Although it may seem counterintuitive that the use of negative elections would have a significant effect, the power of inertia appears to have produced increased participation, particularly among low- and middle-income employees, in the relatively small number of plans that have used the technique. A number of studies, some of which have been reproduced on the web site of the Brookings Institution, www.brookings.edu, and testimony regarding these studies, undoubtedly helped frame the provisions of the Pension Protection Act described below that expressly provide for qualified automatic contribution arrangements (QACAs), eligible automatic contribution arrangements (EACAs), and qualified default investment arrangements (QDIAs). These arrangements provide additional incentives to include negative elections in 401(k) plans and provide detailed operating rules for their implementation. Under these rules, contributions may be made to a passive participant’s 401(k) account in increasing amounts, and the amounts contributed may be invested throughout the employee’s period of employment (and beyond) with the only action that need be taken by the employee being to discard the annual notices that advise the employee that affirmative elections may be made to change the contributions rates and investment choices.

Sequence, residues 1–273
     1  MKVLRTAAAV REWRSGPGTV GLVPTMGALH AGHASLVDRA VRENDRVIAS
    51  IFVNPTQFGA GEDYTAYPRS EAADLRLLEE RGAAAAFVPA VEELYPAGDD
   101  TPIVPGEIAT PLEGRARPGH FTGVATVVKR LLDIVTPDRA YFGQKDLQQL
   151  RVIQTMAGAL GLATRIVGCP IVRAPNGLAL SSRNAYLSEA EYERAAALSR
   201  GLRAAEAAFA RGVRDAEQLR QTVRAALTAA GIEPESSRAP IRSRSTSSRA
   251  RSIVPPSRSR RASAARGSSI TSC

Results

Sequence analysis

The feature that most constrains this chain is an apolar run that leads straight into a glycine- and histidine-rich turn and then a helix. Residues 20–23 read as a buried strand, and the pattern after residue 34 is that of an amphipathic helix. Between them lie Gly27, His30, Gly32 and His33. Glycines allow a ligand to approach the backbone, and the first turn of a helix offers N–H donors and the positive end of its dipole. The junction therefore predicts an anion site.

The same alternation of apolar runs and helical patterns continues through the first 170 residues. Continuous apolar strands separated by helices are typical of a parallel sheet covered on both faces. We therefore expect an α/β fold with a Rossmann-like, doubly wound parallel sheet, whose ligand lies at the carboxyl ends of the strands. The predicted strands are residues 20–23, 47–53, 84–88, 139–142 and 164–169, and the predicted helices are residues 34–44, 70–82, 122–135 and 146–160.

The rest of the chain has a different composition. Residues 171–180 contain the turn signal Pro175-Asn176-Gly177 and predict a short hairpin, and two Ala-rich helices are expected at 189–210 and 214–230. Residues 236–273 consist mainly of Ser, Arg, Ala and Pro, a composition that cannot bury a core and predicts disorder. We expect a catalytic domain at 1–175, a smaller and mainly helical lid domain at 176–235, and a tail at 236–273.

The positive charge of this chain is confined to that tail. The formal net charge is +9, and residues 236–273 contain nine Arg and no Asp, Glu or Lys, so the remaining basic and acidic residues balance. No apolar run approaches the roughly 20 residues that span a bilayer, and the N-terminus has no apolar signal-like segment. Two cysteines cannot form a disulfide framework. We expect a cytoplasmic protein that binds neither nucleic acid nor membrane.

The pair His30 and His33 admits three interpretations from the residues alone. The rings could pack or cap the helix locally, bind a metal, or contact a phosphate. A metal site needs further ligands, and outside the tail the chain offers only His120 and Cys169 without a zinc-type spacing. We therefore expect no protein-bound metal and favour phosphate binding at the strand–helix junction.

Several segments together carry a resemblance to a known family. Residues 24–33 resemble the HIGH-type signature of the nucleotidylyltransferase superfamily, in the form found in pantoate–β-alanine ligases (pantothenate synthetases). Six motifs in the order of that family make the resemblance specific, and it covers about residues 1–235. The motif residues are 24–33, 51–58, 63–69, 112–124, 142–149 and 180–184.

Proposed Treasury Regulations were issued on November 8, 2007, for qualified automatic contribution arrangements under Code § 401(k)(13) and for eligible automatic contribution arrangements under Code § 414(w). REG-133300-07, 72 Fed. Reg. 63,144 (Nov. 8, 2007). According to the preamble to the Proposed Regulations, taxpayers may rely on the Proposed Regulations pending the issuance of Final Regulations. Department of Labor Final Regulations under ERISA § 404(c)(5), as amended by PPA 2006 § 624(a), which set forth the requirements for qualified default investment alternatives, were issued on October 24, 2007. DOL Reg. § 2550.404c-5, 72 Fed. Reg. 60,452 (Oct. 24, 2007).
Qualified Automatic Contribution Arrangements